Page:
NN: Not a nature girl, but when she started to write about mages fighting ghouls in a Florida swamp, she knew she had to learn more about it. The book has a nature-based magic system because nature is always there. You can’t draw from it exhaustively, and yet you can. And energy is different in a swamp, so demons and ghouls use it. It feels like an alien landscape, because it’s a blackwater bog. (Okeepenokee swamp) The writing sucked her into nature rather than the other way around.
DK: Nature is spiritually uplifting for her (so discovering paganism was no surprise), so now she uses it in her writing, and has characters in the desert harnessing the elements with their magic. Is having fun with it.
What are the benefits and problems when you decide to make nature a lynchpin of whatever you’re working on?
DK: Be careful with limitations. Controlling magic, not getting out of control when the character is using it.
NN: The advantage is that nature is all around you, and the Okeepenokee swamp’s distinctiveness is useful. The downside is that you have to get it right. There’s also a danger of making it repetitive when you use the same setting too much.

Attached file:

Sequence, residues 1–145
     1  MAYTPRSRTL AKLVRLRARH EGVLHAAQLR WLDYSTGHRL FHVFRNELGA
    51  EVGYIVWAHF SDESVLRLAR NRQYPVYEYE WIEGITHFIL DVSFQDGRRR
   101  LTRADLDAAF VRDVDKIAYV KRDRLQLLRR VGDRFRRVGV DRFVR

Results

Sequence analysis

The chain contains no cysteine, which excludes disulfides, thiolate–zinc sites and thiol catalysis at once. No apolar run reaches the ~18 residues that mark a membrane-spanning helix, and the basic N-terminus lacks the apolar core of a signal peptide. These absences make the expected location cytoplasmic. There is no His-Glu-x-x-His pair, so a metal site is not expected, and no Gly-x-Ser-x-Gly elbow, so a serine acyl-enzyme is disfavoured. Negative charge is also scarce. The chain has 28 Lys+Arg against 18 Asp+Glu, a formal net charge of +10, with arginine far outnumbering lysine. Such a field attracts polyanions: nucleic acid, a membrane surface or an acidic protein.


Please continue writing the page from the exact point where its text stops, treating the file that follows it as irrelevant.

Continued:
FH: 150 acres is not that big of a piece of land, and it’s hilly, so not being repetitive is going to be difficult. Finding her subconcious awareness that she wants to make the piece larger, bring more pieces in, and there’s no way to do that that she’s found yet unless she makes it antithesis to what Soulwood is. And knowing as a writer that that won’t work. The other part of her brain is trying to twist that around, find the conflict. And to get the metaphor into the series, it’s all located in one spot, she’s got to try to make it work. It’s not easy, and she likes that. But it’s hard to rein that in. Winnowing out all the things her subconscious wants to use is a challenge.
DB: In the Justis Fearsson chronicles, the third book has a lot of scenes set in the natural environment. The experience of visiting a landscape for the first time. In the Lon Tobyn chronicles, he turned it into a polemic: it’s fine to write about a society part nature and part technology, but when you allow the fact that you’re an environmentalist creep into your narrative so that it’s ideologically driven rather than plot driven, it’s not good. He must remember that first and foremost he is a writer.